A general guide to reducing nausea
- A small amount of low-fat food seems to work best. These foods are easier to digest and pass through the stomach faster. If you eat a small amount of low-fat food, be sure to eat more to meet your calorie and protein needs.
- Eat salty foods and avoid foods that are too sweet, especially if you keep vomiting.
- If at certain times you know you will be nauseous or vomiting, please refrain from eating foods that you really like. You may stay away from these favorite foods because of nausea and vomiting.
- It is recommended to drink clear and cool beverages. Take whatever you feel you can bear. Examples include clear soup, flavored gelatin, carbonated drinks, popsicles, and ice cubes made from frozen drinks. (Note: When drinking with a straw, sip slowly to avoid swallowing the air that can produce gas.)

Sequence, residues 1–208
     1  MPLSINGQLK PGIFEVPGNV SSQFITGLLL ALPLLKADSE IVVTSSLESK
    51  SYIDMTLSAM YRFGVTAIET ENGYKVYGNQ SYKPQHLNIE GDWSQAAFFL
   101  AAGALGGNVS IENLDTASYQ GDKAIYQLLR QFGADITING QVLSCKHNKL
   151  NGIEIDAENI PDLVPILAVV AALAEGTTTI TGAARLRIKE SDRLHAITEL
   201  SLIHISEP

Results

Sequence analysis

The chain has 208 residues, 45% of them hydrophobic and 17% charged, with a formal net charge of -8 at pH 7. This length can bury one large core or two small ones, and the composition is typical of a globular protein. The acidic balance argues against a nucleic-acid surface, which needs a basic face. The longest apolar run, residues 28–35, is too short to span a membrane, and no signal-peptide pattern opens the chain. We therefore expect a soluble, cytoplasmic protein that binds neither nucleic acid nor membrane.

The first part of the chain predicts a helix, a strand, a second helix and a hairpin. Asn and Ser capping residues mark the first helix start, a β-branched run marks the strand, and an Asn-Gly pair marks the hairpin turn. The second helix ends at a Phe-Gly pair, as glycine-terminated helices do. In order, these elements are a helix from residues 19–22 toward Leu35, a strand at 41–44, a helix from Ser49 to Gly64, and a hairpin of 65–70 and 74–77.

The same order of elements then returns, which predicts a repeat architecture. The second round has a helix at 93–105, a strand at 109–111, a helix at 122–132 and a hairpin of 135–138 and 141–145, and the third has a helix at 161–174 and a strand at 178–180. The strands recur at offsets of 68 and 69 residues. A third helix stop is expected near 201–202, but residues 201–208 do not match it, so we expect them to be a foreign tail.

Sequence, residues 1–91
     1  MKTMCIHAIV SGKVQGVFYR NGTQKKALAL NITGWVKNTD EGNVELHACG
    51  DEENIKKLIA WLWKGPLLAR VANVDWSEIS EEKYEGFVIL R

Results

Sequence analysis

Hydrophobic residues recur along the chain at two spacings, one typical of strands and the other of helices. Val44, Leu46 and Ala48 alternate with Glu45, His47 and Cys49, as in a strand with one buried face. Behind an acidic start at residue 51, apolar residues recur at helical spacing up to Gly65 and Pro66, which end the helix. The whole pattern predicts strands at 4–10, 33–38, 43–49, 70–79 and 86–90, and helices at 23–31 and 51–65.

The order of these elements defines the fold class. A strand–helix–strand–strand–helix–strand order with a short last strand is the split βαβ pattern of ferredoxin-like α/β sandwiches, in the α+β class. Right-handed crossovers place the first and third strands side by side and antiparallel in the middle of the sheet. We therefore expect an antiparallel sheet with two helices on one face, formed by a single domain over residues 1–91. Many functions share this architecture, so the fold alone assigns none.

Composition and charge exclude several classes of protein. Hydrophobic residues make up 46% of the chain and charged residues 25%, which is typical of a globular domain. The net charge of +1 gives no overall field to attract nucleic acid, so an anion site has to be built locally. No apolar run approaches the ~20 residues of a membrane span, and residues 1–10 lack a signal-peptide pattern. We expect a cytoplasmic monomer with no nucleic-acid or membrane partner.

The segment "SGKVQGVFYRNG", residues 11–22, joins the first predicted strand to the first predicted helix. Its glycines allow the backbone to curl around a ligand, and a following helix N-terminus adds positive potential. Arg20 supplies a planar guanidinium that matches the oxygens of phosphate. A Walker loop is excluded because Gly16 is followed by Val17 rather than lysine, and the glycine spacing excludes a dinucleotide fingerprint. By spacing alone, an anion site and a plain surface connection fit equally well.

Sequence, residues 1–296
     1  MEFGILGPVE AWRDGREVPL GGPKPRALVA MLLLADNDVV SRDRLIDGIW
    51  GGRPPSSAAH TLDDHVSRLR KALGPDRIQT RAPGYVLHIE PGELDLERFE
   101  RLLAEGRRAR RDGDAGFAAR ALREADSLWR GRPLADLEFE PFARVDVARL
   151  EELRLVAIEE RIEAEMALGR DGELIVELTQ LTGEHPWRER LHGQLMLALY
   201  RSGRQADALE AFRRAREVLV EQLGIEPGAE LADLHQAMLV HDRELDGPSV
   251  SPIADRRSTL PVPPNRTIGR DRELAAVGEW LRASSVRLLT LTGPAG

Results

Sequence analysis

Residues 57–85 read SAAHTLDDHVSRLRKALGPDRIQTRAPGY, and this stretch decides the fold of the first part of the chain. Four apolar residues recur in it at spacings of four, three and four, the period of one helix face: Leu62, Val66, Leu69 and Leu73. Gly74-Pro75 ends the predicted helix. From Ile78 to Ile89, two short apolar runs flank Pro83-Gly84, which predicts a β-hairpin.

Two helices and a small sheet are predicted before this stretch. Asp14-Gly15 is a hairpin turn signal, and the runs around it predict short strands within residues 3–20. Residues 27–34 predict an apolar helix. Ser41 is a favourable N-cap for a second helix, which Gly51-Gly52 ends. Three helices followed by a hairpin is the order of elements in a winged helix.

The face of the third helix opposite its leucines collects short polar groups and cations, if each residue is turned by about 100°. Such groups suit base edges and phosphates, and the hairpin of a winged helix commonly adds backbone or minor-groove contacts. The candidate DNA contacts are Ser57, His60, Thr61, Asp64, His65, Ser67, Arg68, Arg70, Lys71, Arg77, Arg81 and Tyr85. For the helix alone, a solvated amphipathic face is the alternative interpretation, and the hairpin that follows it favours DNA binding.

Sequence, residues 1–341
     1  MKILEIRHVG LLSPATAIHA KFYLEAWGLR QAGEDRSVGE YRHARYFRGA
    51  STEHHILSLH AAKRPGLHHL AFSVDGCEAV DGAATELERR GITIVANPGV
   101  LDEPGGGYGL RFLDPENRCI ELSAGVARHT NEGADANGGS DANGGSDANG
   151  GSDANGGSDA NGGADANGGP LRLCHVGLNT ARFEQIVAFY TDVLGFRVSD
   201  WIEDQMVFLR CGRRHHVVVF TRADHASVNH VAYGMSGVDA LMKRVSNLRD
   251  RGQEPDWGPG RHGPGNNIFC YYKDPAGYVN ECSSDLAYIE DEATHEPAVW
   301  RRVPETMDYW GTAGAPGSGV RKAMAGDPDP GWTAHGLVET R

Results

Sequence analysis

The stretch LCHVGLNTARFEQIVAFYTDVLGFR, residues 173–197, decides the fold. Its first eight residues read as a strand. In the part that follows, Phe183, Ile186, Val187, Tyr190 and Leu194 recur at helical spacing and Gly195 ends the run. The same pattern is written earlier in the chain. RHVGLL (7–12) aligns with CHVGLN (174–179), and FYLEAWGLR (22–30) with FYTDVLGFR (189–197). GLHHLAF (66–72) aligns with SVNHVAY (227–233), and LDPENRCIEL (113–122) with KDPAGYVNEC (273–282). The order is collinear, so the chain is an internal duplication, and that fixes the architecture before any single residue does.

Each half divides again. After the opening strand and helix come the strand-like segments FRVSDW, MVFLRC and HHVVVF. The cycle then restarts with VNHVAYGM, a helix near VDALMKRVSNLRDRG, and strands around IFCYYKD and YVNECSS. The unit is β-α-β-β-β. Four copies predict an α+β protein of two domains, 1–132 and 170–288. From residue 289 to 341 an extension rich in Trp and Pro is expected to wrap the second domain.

- Sometimes the smell of cooking food, especially greasy food, can cause nausea. If you have questions about this, cold foods such as dairy products, sandwiches and fruits may help.
Minimize nausea while eating
- Avoid liquids during meals. Take 30 to 60 minutes before meals and after meals.
- Do not lie down for at least two hours after meals.
- If the smell of the food makes you feel sick, ask others to cook or use the prepared food in the freezer.
- Do not eat in a room full of cooking smells or in a warm, stuffy room.
- Eat slowly.
If nausea and vomiting are still a problem, consult your doctor. If prescription drugs, take them as directed.
Note that large amounts of vitamins, minerals, and other supplements—such as herbs, lecithin, and algae—may cause additional nausea and vomiting; therefore, discuss their use with your doctor.